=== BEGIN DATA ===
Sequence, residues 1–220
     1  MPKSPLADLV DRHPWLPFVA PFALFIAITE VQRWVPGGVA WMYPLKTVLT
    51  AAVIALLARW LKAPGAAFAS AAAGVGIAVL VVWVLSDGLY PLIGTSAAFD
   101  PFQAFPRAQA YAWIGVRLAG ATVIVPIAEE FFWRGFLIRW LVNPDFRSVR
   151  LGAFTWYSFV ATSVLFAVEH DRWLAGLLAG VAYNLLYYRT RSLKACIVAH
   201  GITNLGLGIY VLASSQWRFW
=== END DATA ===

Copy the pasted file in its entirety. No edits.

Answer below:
Sequence, residues 1–220
     1  MPKSPLADLV DRHPWLPFVA PFALFIAITE VQRWVPGGVA WMYPLKTVLT
    51  AAVIALLARW LKAPGAAFAS AAAGVGIAVL VVWVLSDGLY PLIGTSAAFD
   101  PFQAFPRAQA YAWIGVRLAG ATVIVPIAEE FFWRGFLIRW LVNPDFRSVR
   151  LGAFTWYSFV ATSVLFAVEH DRWLAGLLAG VAYNLLYYRT RSLKACIVAH
   201  GITNLGLGIY VLASSQWRFW